Multiple hypothesis testing

noetsi

Fortran must die
#1
I am reading one of those books that make my head hurt, because it raises many issues and disagrees with what to me is established views on a topic (that is things I think are settled).

A concern is sometimes expressed that if you test a large number of hypotheses, then your bound to reject some [even if they are right].....From out data analysis perspective, however, we are not concerned about multiple comparisons [and thus about corrections like Bonferonni]. For one thing, we almost never expect any of our 'point null hypotheses' (that is hypotheses that a parameter equals zero, or that two parameters are equal) to be true, and so we are not particularly worried about the possibility of rejecting them too often.....There is no need to correct for the multiplicity of tests if we accept that they will be mistaken on occasion."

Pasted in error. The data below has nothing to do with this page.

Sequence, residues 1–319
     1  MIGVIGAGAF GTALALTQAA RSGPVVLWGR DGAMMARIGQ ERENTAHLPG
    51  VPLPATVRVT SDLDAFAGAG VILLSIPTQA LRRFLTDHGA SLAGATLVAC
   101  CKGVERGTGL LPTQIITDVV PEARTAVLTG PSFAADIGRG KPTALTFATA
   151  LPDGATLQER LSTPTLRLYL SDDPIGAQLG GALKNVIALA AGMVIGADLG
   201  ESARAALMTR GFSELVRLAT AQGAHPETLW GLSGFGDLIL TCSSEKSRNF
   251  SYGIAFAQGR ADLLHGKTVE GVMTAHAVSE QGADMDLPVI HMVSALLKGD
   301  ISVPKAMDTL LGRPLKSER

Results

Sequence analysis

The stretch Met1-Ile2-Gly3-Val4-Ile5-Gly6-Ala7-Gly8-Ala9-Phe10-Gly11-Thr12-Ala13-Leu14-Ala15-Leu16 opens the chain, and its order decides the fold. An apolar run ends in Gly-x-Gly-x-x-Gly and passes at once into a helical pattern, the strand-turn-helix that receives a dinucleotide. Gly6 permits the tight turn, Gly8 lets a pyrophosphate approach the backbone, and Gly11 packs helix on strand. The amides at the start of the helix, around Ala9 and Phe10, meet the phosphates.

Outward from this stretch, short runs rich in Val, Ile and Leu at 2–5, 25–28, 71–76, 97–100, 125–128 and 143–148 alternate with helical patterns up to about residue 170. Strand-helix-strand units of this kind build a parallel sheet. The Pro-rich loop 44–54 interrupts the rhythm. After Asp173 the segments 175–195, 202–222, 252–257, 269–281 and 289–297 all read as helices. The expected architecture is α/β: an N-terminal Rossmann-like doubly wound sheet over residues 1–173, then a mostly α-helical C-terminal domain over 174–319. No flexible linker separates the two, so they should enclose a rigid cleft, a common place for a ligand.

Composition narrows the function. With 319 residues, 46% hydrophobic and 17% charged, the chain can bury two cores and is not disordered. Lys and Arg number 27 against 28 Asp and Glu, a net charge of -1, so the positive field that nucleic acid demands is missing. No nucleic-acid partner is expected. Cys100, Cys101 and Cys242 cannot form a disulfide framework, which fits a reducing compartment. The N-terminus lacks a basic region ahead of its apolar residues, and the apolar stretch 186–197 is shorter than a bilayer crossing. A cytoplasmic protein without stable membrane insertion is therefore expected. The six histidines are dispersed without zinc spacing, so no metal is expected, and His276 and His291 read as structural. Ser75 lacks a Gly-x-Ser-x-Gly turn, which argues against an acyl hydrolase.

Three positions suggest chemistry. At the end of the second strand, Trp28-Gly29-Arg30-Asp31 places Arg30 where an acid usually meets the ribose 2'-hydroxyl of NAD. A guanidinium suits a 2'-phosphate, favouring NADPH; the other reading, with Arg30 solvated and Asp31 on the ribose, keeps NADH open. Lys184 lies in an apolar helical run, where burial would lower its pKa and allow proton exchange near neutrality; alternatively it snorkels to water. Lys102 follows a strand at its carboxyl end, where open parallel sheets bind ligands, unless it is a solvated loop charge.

That just seems wrong:p

They go on to comment on something I had long wondered about.

"The second problem [with statistical significance] is that changes in statistical significance are not themselves significant. By this, we are not merely making the commonplace observation any particular threshold is arbitrary[so a 5 percent significance level is really not that different than a 4.9 percent level].....Rather we are pointing out that even large changes in significance levels can correspond to small, nonsignficant changes in the underlying variable."
 
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Miner

TS Contributor
#2
They go on to comment on something I had long wondered about.

"The second problem [with statistical significance] is that changes in statistical significance are not themselves significant. By this, we are not merely making the commonplace observation any particular threshold is arbitrary[so a 5 percent significance level is really not that different than a 4.9 percent level].....Rather we are pointing out that even large changes in significance levels can correspond to small, nonsignficant changes in the underlying variable."
I would phrase this differently. Statistical significance does not link directly to the effect size. Therefore, you could have a p-value of .049 with a very large effect (due to small sample size or large variation within groups), and another p-value of 0.001 with a very small effect (due to large sample sizes and small variation within groups).